and the Lord smote Benjamin before Israel . . . So the children of Benjamin saw that they were smitten; for the men of Israel gave place to the Benjamites, because they trusted unto the liers in wait which they had set beside Gibeah. And the liers in wait hasted, and rushed upon Gibeah; . . and smote all the city with the edge of the sword. Now there was an appointed sign between the men of Israel and the liers in wait, that they should make a great flame with smoke rise out of the city. And when the men of Israel retired in the battle, Benjamin began to smite and kill of the men of Israel about thirty persons; for they said, Surely they are smitten down before us . . . But when the flame began to arise up out of the city with a pillar of smoke, the Benjamites looked behind them, and behold, the flame of the city ascended up to heaven. And when the men of Israel turned again, the men of Benjamin were amazed: for they saw that evil was come upon them. Therefore they turned their backs before the men of Israel .. but the battle overtook them .. Thus they enclosed the Benjamites round about, and chased them, and trode them down with ease, over against Gibeah toward the sun-rising ... And they turned, and fled toward the wilderness unto the rock of Rimmon (and) six hundred men abode in the rock Rimmon four months. ..."-Judges xx. 14, &c. (See the whole of chapters xix. xx. xxi.)
“ And Saul also went home to Gibeah ...” (after Samuel had anointed him king over Israel.) — 1 Samuel X. 26. (See also xi. 4.)
“Saul went up to his house, to Gibeah of Saul.” -1 Samuel xv. 34.—See also xxii. 6. (See Michmash.)
“ Then came up the Ziphites to Saul in Gibeah, saying, Doth not David hide himself with us in strong holds in the wood, in the hill of Hachilah?”—1 Samuel xxiii. 19. (See also xxvi. 1.)
“And they .. brought (the ark of God) out of the house of Abinadab that was in Gibeah.”—2 Samuel vi. 3.
“ Let seven men of his (Sauls) sons be delivered unto us, and we will hang them up unto the Lord in Gibeah of Saul; ... and Rizpeh .. took sackcloth, and spread it for her upon the rock, from the beginning of harvest until water dropped upon them out of heaven, and suffered neither the birds of the air to rest on them by day, nor the beasts of the field by night.”— 2 Samuel xxi. 6-10.
“ Gibeah of Saul is fled.”—Isaiah x. 29. “Blow ye the cornet in Gibeah.”—Hosea v. 8.
They have deeply corrupted themselves, as in the days of Gibeah.”—Hosea ix. 9.
“Oh Israel, thou hast sinned from the days of Gibeah.”—Hosea x. 9.
[See also Joshua xviii. 28; 1 Sam. xiv. 2, xxiii. 19; 1 Sam. X. 26, xi. 4, xiv. 2, 5, 16, xv. 34, xxiii. 19, xxvi. 1; Judges xix. 14.]
Gibeah of Benjamin was the birthplace of King Saul; and continued to be his residence after he began his reign; and here Jonathan's adventure against the Philistines took place. Here the Gibeonites hanged up the seven descendants of Saul, when Rizpah took sackcloth and spread it for her upon the rock, from the beginning of harvest, until water dropped upon them out of heaven, and suffered neither the birds of the air to rest upon them by day, nor the beasts of the field by night.”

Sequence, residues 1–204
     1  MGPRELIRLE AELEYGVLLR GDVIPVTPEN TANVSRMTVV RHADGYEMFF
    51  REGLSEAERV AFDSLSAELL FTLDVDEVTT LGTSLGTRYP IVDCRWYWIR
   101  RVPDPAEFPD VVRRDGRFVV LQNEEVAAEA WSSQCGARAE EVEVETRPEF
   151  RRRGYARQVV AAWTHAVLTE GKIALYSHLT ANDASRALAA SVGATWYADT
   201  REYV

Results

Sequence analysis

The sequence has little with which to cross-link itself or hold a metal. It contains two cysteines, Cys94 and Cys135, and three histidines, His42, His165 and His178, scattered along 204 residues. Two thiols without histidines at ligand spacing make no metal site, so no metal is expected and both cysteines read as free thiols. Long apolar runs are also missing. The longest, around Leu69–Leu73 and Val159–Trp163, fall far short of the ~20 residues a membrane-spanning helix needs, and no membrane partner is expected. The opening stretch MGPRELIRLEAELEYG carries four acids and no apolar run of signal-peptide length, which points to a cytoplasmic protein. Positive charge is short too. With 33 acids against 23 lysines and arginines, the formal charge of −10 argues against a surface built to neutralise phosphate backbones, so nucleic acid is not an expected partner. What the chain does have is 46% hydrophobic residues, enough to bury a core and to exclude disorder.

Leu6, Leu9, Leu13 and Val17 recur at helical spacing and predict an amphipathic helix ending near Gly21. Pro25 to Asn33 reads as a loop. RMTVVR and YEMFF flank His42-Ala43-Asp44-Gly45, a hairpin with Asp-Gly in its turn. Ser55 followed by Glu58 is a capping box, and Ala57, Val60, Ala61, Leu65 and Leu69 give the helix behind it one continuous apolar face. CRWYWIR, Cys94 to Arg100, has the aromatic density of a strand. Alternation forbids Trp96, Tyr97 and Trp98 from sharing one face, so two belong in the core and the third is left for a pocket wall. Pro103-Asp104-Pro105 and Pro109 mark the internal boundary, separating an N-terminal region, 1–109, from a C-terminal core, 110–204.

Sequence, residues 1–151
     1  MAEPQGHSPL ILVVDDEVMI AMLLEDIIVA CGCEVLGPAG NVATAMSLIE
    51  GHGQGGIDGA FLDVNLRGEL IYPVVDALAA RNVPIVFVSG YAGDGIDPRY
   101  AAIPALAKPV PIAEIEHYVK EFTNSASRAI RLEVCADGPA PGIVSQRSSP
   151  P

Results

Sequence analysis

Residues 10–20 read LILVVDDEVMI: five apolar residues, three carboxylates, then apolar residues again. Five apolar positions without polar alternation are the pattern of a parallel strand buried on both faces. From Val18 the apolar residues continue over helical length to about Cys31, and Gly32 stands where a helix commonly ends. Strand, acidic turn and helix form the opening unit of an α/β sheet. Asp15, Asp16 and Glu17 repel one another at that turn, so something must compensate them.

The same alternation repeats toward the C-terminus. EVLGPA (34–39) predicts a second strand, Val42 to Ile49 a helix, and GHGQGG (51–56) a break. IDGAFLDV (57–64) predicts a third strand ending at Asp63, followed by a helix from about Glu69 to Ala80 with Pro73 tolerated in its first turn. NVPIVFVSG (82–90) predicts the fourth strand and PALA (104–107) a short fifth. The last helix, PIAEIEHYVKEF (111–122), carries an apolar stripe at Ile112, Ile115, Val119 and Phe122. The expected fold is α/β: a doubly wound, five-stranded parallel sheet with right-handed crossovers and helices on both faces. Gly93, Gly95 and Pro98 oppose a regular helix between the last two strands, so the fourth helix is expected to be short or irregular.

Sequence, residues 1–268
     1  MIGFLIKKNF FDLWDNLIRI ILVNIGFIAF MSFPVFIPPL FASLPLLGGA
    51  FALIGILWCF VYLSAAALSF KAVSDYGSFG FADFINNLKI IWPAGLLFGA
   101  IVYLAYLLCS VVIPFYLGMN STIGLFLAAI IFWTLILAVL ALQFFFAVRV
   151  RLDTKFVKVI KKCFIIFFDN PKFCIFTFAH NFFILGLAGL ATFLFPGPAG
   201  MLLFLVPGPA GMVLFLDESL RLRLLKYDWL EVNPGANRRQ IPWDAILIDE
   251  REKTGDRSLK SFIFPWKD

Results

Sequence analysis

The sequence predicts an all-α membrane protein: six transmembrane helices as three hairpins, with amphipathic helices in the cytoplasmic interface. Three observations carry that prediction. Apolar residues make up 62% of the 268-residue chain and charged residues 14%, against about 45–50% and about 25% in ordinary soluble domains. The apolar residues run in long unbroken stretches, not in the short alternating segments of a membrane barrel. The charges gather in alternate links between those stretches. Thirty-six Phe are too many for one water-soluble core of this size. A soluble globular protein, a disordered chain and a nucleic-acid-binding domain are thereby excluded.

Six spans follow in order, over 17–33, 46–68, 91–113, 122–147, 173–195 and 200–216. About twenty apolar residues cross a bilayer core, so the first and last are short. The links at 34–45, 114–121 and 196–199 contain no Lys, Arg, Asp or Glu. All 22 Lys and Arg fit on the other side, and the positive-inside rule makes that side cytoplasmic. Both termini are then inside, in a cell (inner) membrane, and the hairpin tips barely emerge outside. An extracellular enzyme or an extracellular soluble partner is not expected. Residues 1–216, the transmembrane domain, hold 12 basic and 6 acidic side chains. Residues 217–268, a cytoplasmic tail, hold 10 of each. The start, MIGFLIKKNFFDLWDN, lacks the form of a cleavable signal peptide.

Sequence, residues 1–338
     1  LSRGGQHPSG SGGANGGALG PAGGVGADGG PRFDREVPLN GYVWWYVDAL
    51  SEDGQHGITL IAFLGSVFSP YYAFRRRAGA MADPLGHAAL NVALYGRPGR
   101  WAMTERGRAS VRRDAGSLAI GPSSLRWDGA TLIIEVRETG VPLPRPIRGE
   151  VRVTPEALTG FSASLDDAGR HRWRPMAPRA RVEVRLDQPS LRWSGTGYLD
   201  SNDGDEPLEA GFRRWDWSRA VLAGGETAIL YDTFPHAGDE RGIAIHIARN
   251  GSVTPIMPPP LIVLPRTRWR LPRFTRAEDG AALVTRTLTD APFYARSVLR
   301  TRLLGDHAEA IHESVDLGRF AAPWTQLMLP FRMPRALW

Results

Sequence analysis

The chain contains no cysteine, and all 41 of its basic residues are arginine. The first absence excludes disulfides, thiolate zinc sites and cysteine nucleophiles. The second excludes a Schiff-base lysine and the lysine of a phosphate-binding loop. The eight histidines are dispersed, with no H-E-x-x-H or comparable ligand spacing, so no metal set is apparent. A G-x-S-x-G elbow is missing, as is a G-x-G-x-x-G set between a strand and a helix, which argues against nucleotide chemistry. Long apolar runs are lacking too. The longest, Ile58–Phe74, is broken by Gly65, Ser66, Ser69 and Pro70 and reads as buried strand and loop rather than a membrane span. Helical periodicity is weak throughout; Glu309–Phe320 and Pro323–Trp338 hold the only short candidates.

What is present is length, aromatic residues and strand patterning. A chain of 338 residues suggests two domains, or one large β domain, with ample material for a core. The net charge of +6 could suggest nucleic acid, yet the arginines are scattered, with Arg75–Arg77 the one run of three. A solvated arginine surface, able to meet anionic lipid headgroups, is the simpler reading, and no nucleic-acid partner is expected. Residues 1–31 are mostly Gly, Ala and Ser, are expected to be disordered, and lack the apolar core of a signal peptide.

The dreadful wickedness of some of the inhabitants of Gibeah led to the almost total destruction of the
tribe of Benjamin, when the city and its neighbourhood became the scene of fierce contest with the rest of the children of Israel, and “the flame of the city ascended up to heaven."
Jerome speaks of Gibeah as level with the ground when he wrote, and it has been ever since unvisited by travellers.—See ROBINSON, vol. ii. p.
115. Jeba, which Mr. Robinson says with little doubt represents the ancient Gibeah, “lies upon a low, and rather round eminence on a broad ridge, which shelves down toward the Jordan valley, and spreads out below the village into a fine sloping plain with fields of grain. . . The views of the Dead Sea and Jordan, and of the Eastern mountains, were here (very) extensive; while across the deep ravine on the north we could see the next village on our route, Mŭkhmâs, the ancient Michmash, lying directly over against Jeba . . about N. E.
“ The village of Jeba is small, and is half in ruins. Among these are occasionally seen large hewn stones, indicating antiquity. There is here the ruin of a square tower, . . and a small building having the appearance of an ancient church.
“Besides Mŭkhmâs, we could here see several other villages, (amongst which was that of) Rimmôn. This village forms a remarkable object in the landscape; being situated on and around the summit of a conical chalky hill, and visible in all directions. There can be little doubt of its being the identical rock Rimmon, to which the remnant of the Benjamites fled after the slaughter of the tribe at Gibeah. (Judges xx. 45, xxi. 13.)-ROBINSON's Researches, vol. ii. p. 113.
“ Saul chose him three thousand men of Israel ; whereof two thousand were with Saul in Michmash and in Mount Beth-el, and a thousand were with
1 About fifteen miles north of Jerusalem.